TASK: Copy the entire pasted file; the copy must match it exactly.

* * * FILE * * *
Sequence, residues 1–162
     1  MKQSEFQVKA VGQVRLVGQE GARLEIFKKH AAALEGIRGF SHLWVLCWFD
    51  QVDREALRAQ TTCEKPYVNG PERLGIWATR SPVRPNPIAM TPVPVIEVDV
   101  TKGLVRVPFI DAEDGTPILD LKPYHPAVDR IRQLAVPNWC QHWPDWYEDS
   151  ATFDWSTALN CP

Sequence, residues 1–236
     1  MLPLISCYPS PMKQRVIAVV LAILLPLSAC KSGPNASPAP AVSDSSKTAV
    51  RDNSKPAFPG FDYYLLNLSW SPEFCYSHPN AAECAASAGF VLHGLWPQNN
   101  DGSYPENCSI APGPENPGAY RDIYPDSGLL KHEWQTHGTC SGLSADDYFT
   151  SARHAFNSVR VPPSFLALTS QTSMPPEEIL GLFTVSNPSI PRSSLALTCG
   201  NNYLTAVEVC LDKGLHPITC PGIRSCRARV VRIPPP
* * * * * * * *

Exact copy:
Sequence, residues 1–162
     1  MKQSEFQVKA VGQVRLVGQE GARLEIFKKH AAALEGIRGF SHLWVLCWFD
    51  QVDREALRAQ TTCEKPYVNG PERLGIWATR SPVRPNPIAM TPVPVIEVDV
   101  TKGLVRVPFI DAEDGTPILD LKPYHPAVDR IRQLAVPNWC QHWPDWYEDS
   151  ATFDWSTALN CP

Sequence, residues 1–236
     1  MLPLISCYPS PMKQRVIAVV LAILLPLSAC KSGPNASPAP AVSDSSKTAV
    51  RDNSKPAFPG FDYYLLNLSW SPEFCYSHPN AAECAASAGF VLHGLWPQNN
   101  DGSYPENCSI APGPENPGAY RDIYPDSGLL KHEWQTHGTC SGLSADDYFT
   151  SARHAFNSVR VPPSFLALTS QTSMPPEEIL GLFTVSNPSI PRSSLALTCG
   201  NNYLTAVEVC LDKGLHPITC PGIRSCRARV VRIPPP